Is there anything that this novel coronavirus pandemic hasn’t disrupted?
The spread of COVID-19 has caused such uncertainty in the market and in people’s personal lives that the hiring process has become much different than it was a mere six months ago.
Of course, many businesses have seen a slowdown in revenue and are trying to work through a sense of uncertainty as they plan for the future. These businesses may have stopped hiring completely or significantly slowed down the process.
However, other businesses have actually seen an increased demand for their services throughout the pandemic and have needed to ramp up hiring quickly in recent months.
Regardless of whether the demand for your services is going up or down, all businesses will need to adjust their hiring process to reflect new realities and changing circumstances.
Here are a few best practices for hiring during a business disruption.
Reassess the Hiring Pipeline
Obviously, the first step when it comes to pandemic hiring is to reassess your team’s personnel needs.
As company leaders adjust their short-term and long-term goals in light of the pandemic, they’ll get a better idea of which kinds of people and skills the hiring managers should be looking for.
If your business has slowed down, of course, your hiring team may need to shift its focus from sourcing talent to finding new opportunities for displaced employees, either within or outside of your organization.
However, if your business is still growing, you may find that you have new or different opportunities to find talent. As other industries are hit hard by the pandemic, many experienced employees from those industries will be looking for new employment opportunities.
Even if you’re not ready to ramp up hiring right now, you can still start nurturing relationships so that you’ll be ready when the demand for your business grows.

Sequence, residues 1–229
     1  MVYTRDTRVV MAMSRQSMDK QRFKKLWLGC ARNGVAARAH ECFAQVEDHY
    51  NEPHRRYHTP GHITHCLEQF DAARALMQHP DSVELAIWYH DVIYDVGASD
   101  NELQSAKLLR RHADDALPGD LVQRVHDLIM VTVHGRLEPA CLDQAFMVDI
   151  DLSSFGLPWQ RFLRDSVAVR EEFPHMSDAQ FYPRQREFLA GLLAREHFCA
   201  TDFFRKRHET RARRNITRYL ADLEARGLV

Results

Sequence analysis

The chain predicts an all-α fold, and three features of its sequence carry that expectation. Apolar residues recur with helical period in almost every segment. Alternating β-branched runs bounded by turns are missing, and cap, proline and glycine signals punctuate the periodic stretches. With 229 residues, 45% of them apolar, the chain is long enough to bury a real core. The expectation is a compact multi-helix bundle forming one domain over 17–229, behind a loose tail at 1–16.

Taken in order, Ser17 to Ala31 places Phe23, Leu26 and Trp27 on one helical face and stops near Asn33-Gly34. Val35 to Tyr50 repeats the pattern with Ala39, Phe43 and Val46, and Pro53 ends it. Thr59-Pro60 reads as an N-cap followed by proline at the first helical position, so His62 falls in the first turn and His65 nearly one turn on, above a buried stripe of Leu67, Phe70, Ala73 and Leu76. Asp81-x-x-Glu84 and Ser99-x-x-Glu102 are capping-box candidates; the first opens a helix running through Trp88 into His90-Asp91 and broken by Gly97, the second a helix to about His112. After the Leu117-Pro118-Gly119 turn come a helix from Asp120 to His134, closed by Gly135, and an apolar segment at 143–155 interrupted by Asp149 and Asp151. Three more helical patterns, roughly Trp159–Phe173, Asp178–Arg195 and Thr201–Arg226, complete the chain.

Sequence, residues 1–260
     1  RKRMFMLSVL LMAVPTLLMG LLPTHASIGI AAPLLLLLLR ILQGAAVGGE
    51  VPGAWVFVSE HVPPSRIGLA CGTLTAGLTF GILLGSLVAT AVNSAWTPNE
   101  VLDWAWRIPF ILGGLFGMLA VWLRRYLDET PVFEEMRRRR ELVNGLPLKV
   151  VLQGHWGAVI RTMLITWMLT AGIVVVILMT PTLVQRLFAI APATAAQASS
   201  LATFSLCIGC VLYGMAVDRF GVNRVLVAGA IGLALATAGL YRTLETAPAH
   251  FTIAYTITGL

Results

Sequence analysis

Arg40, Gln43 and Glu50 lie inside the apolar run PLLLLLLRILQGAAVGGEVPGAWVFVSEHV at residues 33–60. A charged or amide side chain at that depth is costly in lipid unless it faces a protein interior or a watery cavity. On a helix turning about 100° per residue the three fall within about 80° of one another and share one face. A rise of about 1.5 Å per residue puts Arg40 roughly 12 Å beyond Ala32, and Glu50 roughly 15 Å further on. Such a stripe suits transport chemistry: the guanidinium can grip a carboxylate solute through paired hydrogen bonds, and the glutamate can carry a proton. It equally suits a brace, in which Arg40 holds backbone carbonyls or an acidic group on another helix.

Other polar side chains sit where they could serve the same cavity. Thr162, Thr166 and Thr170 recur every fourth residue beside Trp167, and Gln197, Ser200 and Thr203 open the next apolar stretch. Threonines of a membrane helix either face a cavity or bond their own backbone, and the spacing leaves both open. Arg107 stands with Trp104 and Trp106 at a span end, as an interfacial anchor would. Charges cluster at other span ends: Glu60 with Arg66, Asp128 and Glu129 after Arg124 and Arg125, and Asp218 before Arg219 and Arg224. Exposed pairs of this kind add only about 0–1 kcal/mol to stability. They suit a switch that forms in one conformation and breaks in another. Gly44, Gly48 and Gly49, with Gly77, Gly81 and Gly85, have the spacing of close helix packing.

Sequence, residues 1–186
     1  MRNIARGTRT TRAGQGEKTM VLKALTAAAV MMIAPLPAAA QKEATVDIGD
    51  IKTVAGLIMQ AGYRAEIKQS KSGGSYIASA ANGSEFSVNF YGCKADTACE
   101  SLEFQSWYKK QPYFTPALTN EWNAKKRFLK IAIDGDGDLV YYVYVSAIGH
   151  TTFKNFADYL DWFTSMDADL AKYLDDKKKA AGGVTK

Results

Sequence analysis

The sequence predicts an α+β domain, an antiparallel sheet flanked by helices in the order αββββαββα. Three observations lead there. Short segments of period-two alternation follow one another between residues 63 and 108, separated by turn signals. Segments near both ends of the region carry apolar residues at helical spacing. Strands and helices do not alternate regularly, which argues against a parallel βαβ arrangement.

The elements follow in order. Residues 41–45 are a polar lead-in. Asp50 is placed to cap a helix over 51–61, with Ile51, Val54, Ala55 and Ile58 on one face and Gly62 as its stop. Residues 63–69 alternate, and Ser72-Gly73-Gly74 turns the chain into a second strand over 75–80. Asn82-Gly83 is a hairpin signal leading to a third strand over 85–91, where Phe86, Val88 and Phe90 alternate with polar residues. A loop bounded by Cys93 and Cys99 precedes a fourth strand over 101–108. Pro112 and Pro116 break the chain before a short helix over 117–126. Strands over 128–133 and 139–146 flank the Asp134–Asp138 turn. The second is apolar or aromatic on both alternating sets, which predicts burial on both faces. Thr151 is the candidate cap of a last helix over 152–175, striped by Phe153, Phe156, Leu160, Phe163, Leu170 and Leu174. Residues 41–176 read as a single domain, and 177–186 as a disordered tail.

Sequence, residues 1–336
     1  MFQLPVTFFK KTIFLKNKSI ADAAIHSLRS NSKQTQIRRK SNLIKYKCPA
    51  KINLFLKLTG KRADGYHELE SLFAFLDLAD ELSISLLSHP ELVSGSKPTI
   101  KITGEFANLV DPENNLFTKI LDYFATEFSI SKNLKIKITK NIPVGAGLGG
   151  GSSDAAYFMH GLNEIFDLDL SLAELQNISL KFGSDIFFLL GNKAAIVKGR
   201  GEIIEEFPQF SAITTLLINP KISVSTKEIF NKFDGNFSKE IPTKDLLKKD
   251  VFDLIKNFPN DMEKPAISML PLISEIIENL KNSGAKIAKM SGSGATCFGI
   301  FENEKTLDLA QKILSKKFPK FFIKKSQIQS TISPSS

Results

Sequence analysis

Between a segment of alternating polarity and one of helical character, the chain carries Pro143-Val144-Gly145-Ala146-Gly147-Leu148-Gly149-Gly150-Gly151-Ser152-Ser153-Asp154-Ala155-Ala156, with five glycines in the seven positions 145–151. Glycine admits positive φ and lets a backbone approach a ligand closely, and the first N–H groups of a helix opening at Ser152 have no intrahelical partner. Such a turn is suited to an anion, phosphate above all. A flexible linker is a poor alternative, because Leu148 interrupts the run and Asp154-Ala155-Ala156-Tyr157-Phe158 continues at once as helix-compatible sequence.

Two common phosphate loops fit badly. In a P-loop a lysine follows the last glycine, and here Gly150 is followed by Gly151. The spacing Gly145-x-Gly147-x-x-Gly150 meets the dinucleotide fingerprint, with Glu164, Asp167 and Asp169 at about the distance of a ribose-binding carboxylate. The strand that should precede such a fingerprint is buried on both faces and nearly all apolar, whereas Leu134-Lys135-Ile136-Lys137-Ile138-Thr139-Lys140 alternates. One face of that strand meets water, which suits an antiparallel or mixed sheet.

Adjust Your Brand Image and Messaging
It’s a good idea to take a fresh look at your recruiting materials in light of the pandemic and make sure they still come across the right way.
Namely, the tone in your messages should shift to a more serious, conscientious one, especially if you were trying to attract employees with a fun, energetic vibe prior to the pandemic.
Potential employees simply have different priorities and values than they did before the pandemic, and that needs to be reflected in your recruitment materials.
For example, if your “hiring” page features smiling groups of employees with their arms around each other and touts benefits like group happy hours or open-plan offices, you’ll need to make some adjustments. You may consider revising job descriptions to highlight remote work options. And when you describe your workplace culture in hiring communications and on social media, it’s a good idea to emphasize perks like flexible schedules, health benefits, and safety in the office.
Your employer messaging must evolve along with the risks, regulations, and marketplace that’s adapting to pandemic recovery efforts.
If you have the resources, you can monitor how your brand is being received by potential employees using feedback tools.
Stay in Close Communication with Candidates